Star Wars: Rebel Assault II Official Player's Guide was a strategy guide published by Infotainment World Books for Star Wars: Rebel Assault II: The Hidden Empire. It was written by Jeff Hoff, who wrote it while the game was in the final stages of production at LucasArts in 1995.
Chapter 1 contains all of the cheats and passcodes for the various levels of the game.
Chapter 2 contains hints and tips for the various levels. The developers of each level give you valuable information about what to do in certain situations. Each level is broken into the different sections and the tips are laid out so that you could read them fairly easily and quickly.
Chapter 3 talks about the difficulty editor, and how you can minimize and maximize the settings. They also offer up tips on three difficulties relating to Realism, Testing (how the testers used the difficulty editor) and the Ultimate Test (Not for the faint of heart).
Chapter 4 talks about how they came up with the idea for Rebel Assault II, and why they went with the technology they did. It features interviews with designers and profiles.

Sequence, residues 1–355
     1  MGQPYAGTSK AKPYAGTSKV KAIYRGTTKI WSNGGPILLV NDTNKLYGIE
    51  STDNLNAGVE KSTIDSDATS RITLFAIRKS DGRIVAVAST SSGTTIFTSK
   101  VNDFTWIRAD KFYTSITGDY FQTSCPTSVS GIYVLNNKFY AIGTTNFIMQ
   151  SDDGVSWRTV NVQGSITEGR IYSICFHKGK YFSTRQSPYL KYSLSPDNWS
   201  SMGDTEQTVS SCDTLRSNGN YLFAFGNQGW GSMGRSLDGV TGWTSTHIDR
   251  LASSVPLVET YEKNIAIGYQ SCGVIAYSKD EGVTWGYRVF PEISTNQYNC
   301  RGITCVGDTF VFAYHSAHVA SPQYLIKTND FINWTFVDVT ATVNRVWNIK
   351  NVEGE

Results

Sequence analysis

Chapter 5 discusses how Vince Lee worked with various storyboard artists and designers to come up with the various levels seen in the game. The approach used is much like how modern movies use storyboards and animatics to figure out scenes and special effects in movies.
Chapter 6 goes into detail about the graphics used in the game at the time. At the time, this game featured models and techniques that were new to video games.
Chapter 7 talks about the music, sound and production of Rebel Assault II. Vince Lee hired a live action director and they put together blue screens that would match up to the game footage. One technique describes the process as the game designers looking at the motions of Rookie One in a shooting stage, mapping those motions in front of the 3D stage, and the director shooting the actor to match the movements made by the designers. The designers then "paste" the actor over the 3D stage and animate him where they need him to move.
Chapter 8 discusses the process of taking the live-action video and making it into the game. It shows various character shots in their original blue screen formats, and the process to make them look like they are sitting in the cockpit of an X-Wing or other vehicle. There is also discussions on how they compressed this video to fit on the Compact Discs of the time.
Chapter 9 is all about the testing of the game and the testers used.
Finally, there is an appendix that lists the game's cast and crew.
Also, in the middle of the book, there is an eight page full-color insert that shows some of the processes listed in chapters 4-8 above. This way the reader can see the processes in color instead of black and white shown in the rest of the book.
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